But the leaked e-mails make for instructive reading nonetheless, though they can be rather uncomfortable if you happen to be the author and recipient of a few of them.

By way of background: In July of last year, I embarked on a profile of the former secretary of state a few months after she began seeking the Democratic nomination. True to form, her campaign was nervous and hypercontrolling from the outset, a point I fleshed out in the story. I described, among other things, the experience of visiting Clinton's Brooklyn headquarters and receiving, before I arrived, an e-mail request from a press aide requesting that I keep "the office itself" off the record. In other words, they wanted me not to relay anything that I saw inside the entire 40,000 sq ft space, as if I were being granted access to a top-secret Pentagon bunker or something. It was a ridiculous request that I refused.

I also said no initially when the campaign said I could interview Secretary Clinton but only on the condition that we do it off the record. Reporters speak off the record to politicians all the time, but this was an unusual provision and felt slightly weird: a major candidate for the presidency agreeing to speak to a reporter on the condition that readers not be privy? It would be one thing if the campaign had also agreed to an on-the-record discussion, but it had not. I pleaded my case over a few weeks, but Clinton's staff was not budging. I discussed the dilemma with my bosses - the principle at stake versus the payoff of what I could learn in an off-the-record setting.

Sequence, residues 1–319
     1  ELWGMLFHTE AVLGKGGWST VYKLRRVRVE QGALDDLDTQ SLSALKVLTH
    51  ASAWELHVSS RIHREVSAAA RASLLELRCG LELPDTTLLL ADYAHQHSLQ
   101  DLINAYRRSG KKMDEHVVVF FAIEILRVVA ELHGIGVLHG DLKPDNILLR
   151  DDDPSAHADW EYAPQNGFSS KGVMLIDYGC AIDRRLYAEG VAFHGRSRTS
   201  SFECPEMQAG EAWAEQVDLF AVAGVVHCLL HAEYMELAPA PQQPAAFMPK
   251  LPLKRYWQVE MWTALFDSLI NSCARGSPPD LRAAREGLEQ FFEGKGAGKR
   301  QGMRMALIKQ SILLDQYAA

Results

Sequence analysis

Politicians in fact go "off the record" with reporters with some frequency. As soon as the reporter grants the off-the-record provision, he is effectively allowing "veto power" over that material. That part of the conversation remains private unless he or she says otherwise. That's the "nifty-shifty trick" Palin was referring to.

OFF-THE-RECORD

I agreed to an off-the-record interview finally. At the very least, I figured I could pitch Clinton directly on doing an actual interview without any mediation from her army of agonisers.

Clinton and I spoke for about 45 minutes in a conference room of the Omni Mount Washington resort in Bretton Woods, New Hampshire. She is, as advertised, "funny and thoughtful in one-on-one and small-group settings" (even the Clinton cliches are cliches at this point). Donors pay top dollar for the opportunity to experience this "funny and thoughtful Hillary in one-on-one and small-group settings". I paid only with annoyance and a few pounds of dignity.